David Bourget (Western Ontario)
David Chalmers (ANU, NYU)
Rafael De Clercq
Jack Alan Reynolds
Learn more about PhilPapers
Sieg has proposed axioms for computability whose models can be reduced to Turing machines. This lecture will investigate to what extent these axioms hold for reasoning. In particular we focus on the requirement that the configurations that a computing agent (whether human or machine) operates on must be ’immediately recognisable’. If one thinks of reasoning as derivation in a calculus, this requirement is satisfied; but even in contexts which are only slightly less formal, the requirement cannot be met. Our main example will be the Wason selection task, a propositional reasoning task in which in a typical (undergraduate) subject group only around 5% arrive at the answer dictated by classical logic. The instructions for this task (as well as other standard tasks in the psychology of reasoning, such as syllogisms) do not contain any ’immediately recognisable’ configurations. The subject must try to find an interpretation of the task by making the various elements in the instructions cohere, in effect solving a difficult constraint satisfaction problem, which has no unique solution. The subject has given a complete interpretation of the task if she can formulate the problem posed in the task as a theorem to be proved. The complexity of such theorems can be quite high; e.g. for the propositional Wason selection task the theorem can be in Σ1 3 . This sounds implausible, but we’ll present experimental data confirming this point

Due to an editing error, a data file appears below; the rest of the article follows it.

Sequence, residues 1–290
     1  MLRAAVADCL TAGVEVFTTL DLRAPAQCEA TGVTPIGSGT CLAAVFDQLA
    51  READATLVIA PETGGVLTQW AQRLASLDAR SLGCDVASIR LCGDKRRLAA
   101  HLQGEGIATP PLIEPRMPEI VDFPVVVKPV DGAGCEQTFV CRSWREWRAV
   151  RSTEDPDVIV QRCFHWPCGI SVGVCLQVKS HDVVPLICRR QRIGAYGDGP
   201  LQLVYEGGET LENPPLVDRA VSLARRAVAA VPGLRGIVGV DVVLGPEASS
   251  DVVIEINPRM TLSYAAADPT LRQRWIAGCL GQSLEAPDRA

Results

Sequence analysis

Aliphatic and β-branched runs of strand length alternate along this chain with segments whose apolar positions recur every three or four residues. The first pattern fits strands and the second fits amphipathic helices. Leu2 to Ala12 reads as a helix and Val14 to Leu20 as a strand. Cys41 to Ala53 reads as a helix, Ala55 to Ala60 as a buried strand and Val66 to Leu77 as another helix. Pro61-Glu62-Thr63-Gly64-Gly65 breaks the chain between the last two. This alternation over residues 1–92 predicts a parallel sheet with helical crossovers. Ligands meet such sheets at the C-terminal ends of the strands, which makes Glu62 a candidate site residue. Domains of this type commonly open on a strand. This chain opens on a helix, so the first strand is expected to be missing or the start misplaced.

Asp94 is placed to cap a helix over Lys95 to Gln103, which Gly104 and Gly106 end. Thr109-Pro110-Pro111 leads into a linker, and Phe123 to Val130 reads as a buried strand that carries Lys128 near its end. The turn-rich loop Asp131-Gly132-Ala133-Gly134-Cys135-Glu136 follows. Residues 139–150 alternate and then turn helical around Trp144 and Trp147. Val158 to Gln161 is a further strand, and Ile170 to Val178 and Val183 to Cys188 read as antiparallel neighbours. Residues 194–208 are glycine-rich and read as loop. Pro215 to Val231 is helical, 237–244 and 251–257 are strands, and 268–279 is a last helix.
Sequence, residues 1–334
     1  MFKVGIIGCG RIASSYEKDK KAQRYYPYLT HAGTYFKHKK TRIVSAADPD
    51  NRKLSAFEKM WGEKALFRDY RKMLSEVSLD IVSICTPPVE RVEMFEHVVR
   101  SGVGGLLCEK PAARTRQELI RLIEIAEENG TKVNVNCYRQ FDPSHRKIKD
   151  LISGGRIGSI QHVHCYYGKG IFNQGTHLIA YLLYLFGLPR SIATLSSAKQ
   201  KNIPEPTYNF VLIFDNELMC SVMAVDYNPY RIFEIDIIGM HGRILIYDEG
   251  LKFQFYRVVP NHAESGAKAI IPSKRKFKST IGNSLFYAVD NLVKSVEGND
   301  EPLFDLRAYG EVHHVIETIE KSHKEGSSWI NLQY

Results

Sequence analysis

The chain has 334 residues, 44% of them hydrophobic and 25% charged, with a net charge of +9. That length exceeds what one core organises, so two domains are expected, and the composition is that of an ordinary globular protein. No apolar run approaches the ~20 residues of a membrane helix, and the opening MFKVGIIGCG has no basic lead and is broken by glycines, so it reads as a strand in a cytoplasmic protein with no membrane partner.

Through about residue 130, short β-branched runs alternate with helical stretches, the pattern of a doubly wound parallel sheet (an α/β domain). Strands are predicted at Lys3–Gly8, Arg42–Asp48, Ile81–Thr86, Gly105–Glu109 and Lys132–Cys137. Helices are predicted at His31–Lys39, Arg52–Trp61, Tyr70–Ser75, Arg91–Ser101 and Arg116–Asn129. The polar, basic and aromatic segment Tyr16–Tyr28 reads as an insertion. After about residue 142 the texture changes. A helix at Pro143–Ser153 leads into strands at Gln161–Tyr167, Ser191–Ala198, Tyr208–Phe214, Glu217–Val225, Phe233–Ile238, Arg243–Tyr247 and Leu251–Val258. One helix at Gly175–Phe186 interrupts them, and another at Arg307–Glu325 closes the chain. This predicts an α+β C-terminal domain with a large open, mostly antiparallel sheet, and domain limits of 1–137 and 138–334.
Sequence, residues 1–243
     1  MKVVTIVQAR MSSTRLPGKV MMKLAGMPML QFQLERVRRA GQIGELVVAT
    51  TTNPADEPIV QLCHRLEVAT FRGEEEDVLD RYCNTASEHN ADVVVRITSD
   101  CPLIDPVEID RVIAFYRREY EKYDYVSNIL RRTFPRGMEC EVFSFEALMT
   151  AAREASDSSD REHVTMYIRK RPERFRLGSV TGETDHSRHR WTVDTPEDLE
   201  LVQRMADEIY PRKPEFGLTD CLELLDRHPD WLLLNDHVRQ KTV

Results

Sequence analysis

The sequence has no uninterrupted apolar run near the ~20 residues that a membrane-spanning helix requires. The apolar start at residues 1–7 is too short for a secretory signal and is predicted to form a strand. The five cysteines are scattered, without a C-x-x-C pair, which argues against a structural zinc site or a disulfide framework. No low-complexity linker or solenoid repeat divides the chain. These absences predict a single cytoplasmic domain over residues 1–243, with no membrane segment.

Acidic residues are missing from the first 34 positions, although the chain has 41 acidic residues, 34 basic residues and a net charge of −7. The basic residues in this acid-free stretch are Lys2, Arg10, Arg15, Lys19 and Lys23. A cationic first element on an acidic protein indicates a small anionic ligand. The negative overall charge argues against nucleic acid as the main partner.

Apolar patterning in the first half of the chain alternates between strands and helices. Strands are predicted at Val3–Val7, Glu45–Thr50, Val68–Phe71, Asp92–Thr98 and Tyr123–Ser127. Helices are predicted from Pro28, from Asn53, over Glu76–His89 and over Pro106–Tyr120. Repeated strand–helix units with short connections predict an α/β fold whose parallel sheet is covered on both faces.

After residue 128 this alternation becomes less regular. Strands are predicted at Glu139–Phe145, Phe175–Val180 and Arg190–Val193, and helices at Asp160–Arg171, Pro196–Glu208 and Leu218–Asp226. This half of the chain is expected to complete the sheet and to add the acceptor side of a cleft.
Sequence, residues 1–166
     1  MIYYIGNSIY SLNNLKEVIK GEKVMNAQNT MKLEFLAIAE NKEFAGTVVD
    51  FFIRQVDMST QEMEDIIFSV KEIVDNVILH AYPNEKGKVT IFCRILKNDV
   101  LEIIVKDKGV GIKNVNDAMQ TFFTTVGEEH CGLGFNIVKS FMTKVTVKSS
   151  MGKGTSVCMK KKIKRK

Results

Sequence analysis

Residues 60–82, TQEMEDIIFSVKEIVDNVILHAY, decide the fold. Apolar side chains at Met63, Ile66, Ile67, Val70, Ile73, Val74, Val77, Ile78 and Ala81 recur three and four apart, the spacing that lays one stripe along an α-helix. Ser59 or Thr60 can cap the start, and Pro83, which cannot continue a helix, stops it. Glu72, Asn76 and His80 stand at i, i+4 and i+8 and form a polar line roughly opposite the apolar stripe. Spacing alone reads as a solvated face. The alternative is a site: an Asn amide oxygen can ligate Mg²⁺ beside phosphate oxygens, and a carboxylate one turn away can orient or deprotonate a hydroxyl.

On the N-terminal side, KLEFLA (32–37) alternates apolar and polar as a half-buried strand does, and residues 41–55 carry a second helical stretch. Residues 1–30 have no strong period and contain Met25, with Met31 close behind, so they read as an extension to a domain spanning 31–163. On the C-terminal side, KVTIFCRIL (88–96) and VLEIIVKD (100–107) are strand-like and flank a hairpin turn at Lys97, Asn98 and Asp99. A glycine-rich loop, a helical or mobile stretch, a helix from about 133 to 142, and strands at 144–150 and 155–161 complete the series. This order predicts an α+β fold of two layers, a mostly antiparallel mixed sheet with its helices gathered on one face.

|Keywords||No keywords specified (fix it)|
|Categories||categorize this paper)|
Setup an account with your affiliations in order to access resources via your University's proxy server
Configure custom proxy (use this if your affiliation does not provide a proxy)
|Through your library||
References found in this work BETA
No references found.
Citations of this work BETA
No citations found.
Similar books and articles
Pascal Wagner-Egger (2007). Conditional Reasoning and the Wason Selection Task: Biconditional Interpretation Instead of Reasoning Bias. Thinking and Reasoning 13 (4):484 – 505.
David Hardman (1998). Does Reasoning Occur on the Selection Task? A Comparison of Relevance-Based Theories. Thinking and Reasoning 4 (4):353 – 376.
Guy Politzer & Laura Macchi (2000). Reasoning and Pragmatics. Mind and Society 1 (1):73-93.
Richard A. Griggs Richard, D. Platt Stephen, E. Newstead Sherri & L. Jackson (1998). Attentional Factors in a Disjunctive Reasoning Task. Thinking and Reasoning 4 (1):1 – 14.
Dan Sperber (2002). Use or Misuse of the Selection Task? Rejoinder to Fiddick, Cosmides, and Tooby. Cognition 85 (3):277-290.
Raymond S. Nickerson (1996). Hempel's Paradox and Wason's Selection Task: Logical and Psychological Puzzles of Confirmation. Thinking and Reasoning 2 (1):1 – 31.
Barbara A. Spellman (1999). Hypothesis Testing: Strategy Selection for Generalising Versus Limiting Hypotheses. Thinking and Reasoning 5 (1):67 – 92.
Simone Duca (2009). Rationality and the Wason Selection Task: A Logical Account. Psyche 15 (1):109-131.
Cynthia Koenig & Richard Griggs (2004). Facilitation and Analogical Transfer in the THOG Task. Thinking and Reasoning 10 (4):355 – 370.
Mike Oaksford (2002). Contrast Classes and Matching Bias as Explanations of the Effects of Negation on Conditional Reasoning. Thinking and Reasoning 8 (2):135 – 151.
Damian P. Birney & Graeme S. Halford (2002). Cognitive Complexity of Suppositional Reasoning: An Application of the Relational Complexity Metric to the Knight-Knave Task. Thinking and Reasoning 8 (2):109 – 134.
Karl Christoph Klauer (1997). Working Memory Involvement in Propositional and Spatial Reasoning. Thinking and Reasoning 3 (1):9 – 47.
Hiroshi Yama (2001). Matching Versus Optimal Data Selection in the Wason Selection Task. Thinking and Reasoning 7 (3):295 – 311.
Niki Pfeifer & G. D. Kleiter (2011). Uncertain Deductive Reasoning. In K. Manktelow, D. E. Over & S. Elqayam (eds.), The Science of Reason: A Festschrift for Jonathan St B.T. Evans. Psychology Press. 145--166.
Added to index2012-06-15
Total downloads22 ( #112,536 of 1,696,633 )
Recent downloads (6 months)7 ( #80,942 of 1,696,633 )
How can I increase my downloads?